Then she drew his legs. She skipped the body because that moment she forgot that men had bodies – chests, torsos, bellies and all.
Image from Flickr via Martin Kenny
By Sally Wen Mao
Brought to you by the Guernica/PEN Flash Series
Four-year-old Mailin was drawing a picture on the wall of her grandmother’s guest room. First, she drew a profile. It was a man’s face. Then she drew his legs. She skipped the body because that moment she forgot that men had bodies – chests, torsos, bellies and all. She drew a hat to cover the head. She drew a princess in a ballgown—the bride. She drew a kid with a balloon in his hand. She drew a bowl of peaches. Then she drew the apartment complex. Bricks because she was told that wooden houses burn quickly. Stairs because she had never lived in a place with more than one floor.
She used a ballpoint pen and the lines were shaky. She knew she was violating the clean white wall, that her grandmother would discover her soon, see her for the criminal she was.
Footsteps started down the hall. They rang, they thudded, a slow pulse. Her wrists went limp. She wanted to keep drawing the place they could all live in together. One that fit a family. Freaks, sure, with no torsos or bellies or chests. But these freaks had legs and nice shoes. These freaks had a three-story apartment made of bricks and ballpoint ink.
The door clicked open. She had it coming. Her grandmother scanned the walls. Her eyes rolled over the bride, and the kid, and the man with a hat but no body. The walls harbored wishes she could not grant.
Mailin knew she’d be punished. She closed her eyes, waited for the whip of her grandmother’s hand across her face. She thought of the house she lived in with her parents in the city—how the three of them slept together on the floor of the living room, how on the weekends they would gather in the front yard with tiny bowls of fruit and she could hear the laughter over the wall between her family and the next door neighbors. She took a bus to school every day with Susu, the girl who lived beyond that wall. She wished they could all live together in the countryside, they could all drink from the same freshwater well and breathe air as sweet as this, as sweet as the air here, on this porch in Xianning, taste peaches as ripe as the peaches here, the peaches in her drawing, so plump her lines could barely contain them. She closed her eyes and breathed in. Suddenly her drawing dwarfed her tininess. The apartment she drew was big enough to fit her whole body inside.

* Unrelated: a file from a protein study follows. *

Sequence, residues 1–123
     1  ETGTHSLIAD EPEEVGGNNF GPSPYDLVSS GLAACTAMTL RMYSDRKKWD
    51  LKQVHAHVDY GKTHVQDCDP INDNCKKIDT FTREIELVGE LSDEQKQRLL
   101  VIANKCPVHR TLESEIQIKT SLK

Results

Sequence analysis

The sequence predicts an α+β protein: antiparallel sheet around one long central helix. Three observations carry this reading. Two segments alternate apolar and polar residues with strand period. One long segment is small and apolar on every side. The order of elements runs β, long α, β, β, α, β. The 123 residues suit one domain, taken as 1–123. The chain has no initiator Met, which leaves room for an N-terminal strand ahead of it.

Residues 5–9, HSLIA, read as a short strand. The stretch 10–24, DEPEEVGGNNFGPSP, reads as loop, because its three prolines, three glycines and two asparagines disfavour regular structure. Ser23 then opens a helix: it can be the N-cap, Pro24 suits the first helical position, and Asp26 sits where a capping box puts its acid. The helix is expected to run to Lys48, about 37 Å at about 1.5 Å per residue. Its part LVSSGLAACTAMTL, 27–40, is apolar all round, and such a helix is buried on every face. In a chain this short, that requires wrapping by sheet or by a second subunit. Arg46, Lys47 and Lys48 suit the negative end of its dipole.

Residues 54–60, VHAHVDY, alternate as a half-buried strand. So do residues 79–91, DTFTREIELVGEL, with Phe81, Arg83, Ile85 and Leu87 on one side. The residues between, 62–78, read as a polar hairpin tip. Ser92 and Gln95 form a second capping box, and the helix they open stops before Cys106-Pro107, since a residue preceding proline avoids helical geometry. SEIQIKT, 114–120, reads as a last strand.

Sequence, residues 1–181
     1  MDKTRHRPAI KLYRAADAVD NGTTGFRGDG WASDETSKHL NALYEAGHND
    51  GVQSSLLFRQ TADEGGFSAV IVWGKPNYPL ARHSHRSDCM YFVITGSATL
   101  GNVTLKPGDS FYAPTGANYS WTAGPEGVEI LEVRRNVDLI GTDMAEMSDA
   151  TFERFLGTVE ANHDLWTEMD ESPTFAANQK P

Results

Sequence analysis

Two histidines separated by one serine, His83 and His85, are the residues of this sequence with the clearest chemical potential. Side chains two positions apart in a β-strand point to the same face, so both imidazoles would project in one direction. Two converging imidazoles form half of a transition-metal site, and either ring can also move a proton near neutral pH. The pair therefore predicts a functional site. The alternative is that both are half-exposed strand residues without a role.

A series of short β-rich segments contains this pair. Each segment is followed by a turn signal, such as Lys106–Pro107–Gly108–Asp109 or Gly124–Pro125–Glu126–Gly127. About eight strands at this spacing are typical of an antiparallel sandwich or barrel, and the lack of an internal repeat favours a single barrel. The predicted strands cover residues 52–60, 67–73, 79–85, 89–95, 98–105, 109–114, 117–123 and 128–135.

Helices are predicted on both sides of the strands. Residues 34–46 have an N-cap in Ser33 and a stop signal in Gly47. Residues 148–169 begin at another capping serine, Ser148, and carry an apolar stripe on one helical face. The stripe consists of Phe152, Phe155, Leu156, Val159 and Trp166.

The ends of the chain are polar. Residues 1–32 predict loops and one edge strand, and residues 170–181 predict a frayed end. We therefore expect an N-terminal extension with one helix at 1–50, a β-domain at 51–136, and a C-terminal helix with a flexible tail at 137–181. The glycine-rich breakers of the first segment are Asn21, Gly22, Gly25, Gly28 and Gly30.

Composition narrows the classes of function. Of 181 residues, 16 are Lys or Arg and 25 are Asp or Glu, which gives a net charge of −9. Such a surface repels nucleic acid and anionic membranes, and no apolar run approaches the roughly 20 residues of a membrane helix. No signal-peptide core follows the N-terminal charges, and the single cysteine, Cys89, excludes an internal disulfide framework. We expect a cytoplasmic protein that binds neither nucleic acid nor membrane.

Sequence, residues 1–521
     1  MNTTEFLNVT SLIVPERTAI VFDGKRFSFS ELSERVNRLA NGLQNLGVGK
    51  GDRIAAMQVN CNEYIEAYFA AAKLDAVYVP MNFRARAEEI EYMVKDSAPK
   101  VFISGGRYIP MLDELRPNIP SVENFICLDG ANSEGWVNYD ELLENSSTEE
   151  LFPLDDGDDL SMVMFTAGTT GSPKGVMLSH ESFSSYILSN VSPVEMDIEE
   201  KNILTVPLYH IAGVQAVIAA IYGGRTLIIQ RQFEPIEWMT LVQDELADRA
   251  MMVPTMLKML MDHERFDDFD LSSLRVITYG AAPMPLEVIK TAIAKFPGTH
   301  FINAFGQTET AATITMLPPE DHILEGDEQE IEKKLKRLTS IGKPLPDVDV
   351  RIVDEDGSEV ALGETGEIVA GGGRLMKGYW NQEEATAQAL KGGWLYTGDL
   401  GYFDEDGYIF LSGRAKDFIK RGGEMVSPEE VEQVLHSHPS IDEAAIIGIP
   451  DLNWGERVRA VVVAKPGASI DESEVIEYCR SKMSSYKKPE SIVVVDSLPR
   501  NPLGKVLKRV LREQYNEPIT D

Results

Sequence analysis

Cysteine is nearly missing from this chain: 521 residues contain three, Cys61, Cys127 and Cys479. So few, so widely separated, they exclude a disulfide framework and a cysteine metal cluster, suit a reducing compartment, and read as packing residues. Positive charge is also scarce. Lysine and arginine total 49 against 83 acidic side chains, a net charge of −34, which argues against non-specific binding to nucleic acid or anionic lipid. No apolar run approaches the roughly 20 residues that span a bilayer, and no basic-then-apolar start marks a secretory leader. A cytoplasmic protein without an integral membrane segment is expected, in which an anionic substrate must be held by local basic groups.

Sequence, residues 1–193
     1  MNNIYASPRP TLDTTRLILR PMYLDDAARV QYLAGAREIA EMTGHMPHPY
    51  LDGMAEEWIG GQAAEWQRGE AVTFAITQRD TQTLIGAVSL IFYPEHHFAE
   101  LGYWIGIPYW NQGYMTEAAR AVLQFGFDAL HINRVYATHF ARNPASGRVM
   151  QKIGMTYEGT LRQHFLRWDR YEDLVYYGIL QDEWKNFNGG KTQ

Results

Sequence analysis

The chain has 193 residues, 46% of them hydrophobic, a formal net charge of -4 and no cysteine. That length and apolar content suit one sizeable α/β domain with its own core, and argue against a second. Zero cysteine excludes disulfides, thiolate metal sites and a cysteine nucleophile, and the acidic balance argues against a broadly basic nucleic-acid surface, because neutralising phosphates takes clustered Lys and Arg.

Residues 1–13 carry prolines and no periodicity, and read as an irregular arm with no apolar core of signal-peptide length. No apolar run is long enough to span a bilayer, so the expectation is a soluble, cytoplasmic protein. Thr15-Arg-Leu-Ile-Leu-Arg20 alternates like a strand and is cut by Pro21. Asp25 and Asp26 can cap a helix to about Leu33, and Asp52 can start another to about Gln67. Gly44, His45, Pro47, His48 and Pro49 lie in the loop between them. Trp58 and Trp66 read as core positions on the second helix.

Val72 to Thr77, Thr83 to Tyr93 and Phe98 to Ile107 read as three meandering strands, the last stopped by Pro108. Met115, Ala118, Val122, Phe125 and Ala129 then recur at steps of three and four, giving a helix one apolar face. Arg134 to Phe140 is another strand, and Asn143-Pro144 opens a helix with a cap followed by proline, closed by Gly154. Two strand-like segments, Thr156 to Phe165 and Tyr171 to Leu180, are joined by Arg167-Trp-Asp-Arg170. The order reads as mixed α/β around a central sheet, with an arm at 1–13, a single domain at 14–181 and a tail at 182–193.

“Why did you do this?” her grandmother asked slowly, but the next moment, her face softened. “What is this? Why doesn’t this man have a body?”
Mailin answered, “He lost it in an accident. He doesn’t have one.”
Decades later, Mailin returned to Xianning. A bowl of peaches was set beside the gilded picture of her grandmother. Mailin lit incense and thought of the bodiless man in the bowler hat. He would have been directly in front of the bed where her grandmother had died. She wondered if when her grandmother was bedridden, the drawing of the man disturbed her. She imagined her grandmother’s envy. It would be a marvel to rid oneself of a body. Mailin learned this from her mother, who once told her, if I were my mother, I’d love to be dead. Unmoving, in a bed—what kind of life is that? It is no life.
In the future, Mailin would meet a lot of men without bodies. No torsos, no chests, no bellies, just eyes that gazed at her, craved her, carved her into something unnatural, something ugly and immortal. Mailin chased this version of herself in the mirrors. The body always deformed, resembling not a peach, but a stalk—inedible and tough. She loved and despised the weight of the bodies she didn’t know: the torsos, the ribs, the stray hairs above the stomach.
Her grandmother once warned her mother to marry a nearsighted man, for his eyes would not stretch far. He’d keep his peripheral vision inside, the apartment as far as his eyes could look. But Mailin could not imagine a future like that. She had long left the city with the wall between her and SuSu. She had long left California with the date palm and the tiny yard. She had long left the ballpoint apartment complex in Xianning, with the freaks dancing around the dining table, their imaginary laughter spilling onto the streets.
Sally Wen Mao is the author of Mad Honey Symposium (Alice James Books, May 2014). Her poetry has been published or forthcoming in The Best American Poetry 2013, Black Warrior Review, Gulf Coast, Kenyon Review Online, Third Coast, and /em>Guernica. This is her first published flash fiction piece.